I just have 1 year of experience in guitar playing partly by self-taught, partly with a teacher, but we never used a book. Now i wish to have something more technical in order to have a more solid base. Which book can you suggest to me? maybe something classical? I like playing alternative rock, bluegrass and blues rock.

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You are the typical student these days. Partly self taught but searching for "structure". Many of my students are like that. It is tough to find the perfect book for a beginning non-beginner. I have a few recommendations and some advice.

  1. Keep taking lessons from an experienced guitarist.

  2. As for books, here are a few classic method books.

    a. Carcassi (the de-facto classic beginning classical guitar method, not necessarily the "best" but fairly complete and well organized).

    b. Mel Bay Modern Guitar Method Vols 1 - 7 (I learned from them and use them with new students. I've grown to appreciate them more an more. They are well organized and follow the Carcassi template but with a pick rather than finger style).

    c. William Levitt Guitar Method Vols 1 - 3. I like Mel Bay better for beginners but lean towards Levitt's advanced books for more advanced work.

    d. Mike Christianson Complete Jazz Guita Method. Even though the title calls out Jazz as a style the information in this book is very complete and would make a good text for anyone.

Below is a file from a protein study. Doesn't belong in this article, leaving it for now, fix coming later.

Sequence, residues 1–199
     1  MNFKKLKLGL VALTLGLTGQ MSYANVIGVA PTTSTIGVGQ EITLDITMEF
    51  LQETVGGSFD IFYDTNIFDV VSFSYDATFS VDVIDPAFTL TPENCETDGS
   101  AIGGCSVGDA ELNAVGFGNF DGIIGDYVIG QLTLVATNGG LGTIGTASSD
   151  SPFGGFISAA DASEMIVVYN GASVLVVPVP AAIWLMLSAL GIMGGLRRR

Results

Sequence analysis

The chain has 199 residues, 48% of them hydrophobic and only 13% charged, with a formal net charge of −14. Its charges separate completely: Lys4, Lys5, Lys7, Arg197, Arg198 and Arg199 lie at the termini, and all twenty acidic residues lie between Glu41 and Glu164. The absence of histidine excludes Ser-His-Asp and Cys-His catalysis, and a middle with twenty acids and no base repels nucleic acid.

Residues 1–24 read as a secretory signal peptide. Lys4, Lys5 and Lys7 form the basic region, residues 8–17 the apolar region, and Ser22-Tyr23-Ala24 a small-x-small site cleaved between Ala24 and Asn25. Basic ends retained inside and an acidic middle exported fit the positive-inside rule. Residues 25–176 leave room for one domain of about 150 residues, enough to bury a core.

3. As for advice...

Since you have some chops learning the foundation will feel like taking a step back so be prepared. You will never find a book that teaches to your current skill level. The first three books teach sight reading and technique together, which is pretty standard. The Carcassi book is strictly classical and (1) does not introduce music theory, (2) is heavy on technique, and (3) may not translate well to steel string guitar finger style. Bay and Levitt introduce music theory in small spinets as the lessons progress. Bay has more classic folk and classical songs arranged at various levels of complexity as exercise whereas Levitt has written his own solo and duet pieces that (in my opinion) are more sight reading exercises than musical recital pieces.

The first 3 or 4 Mel Bay books are very good, after that the lesson material is more complex pieces. A good mix is to work through Mel Bay 1-4 then switch to the advanced Levitt books. The basic foundations of the guitar are independent of style so any beginner book will work. After that you'll need to search for resources that are specific to the style you want to master. To this end you can check out any series by Mel Bay, Hal Lenard, Berkley School of Music, or MI (Musician Institute). All have large libraries of method books for various techniques and styles. Good luck!

  • Good advice. Even though OP mentions classical, I'm not certain that Carcassi would be ideal (but maybe) given interests in alternative, bluegrass, and blues. Mel Bay is great for beginners. Christiansen is a great recommendation that I hadn't thought of at first, but this seems like a very good book for someone who can read a little and play a little but needs to go deeper. – David Bowling Nov 1 '18 at 13:55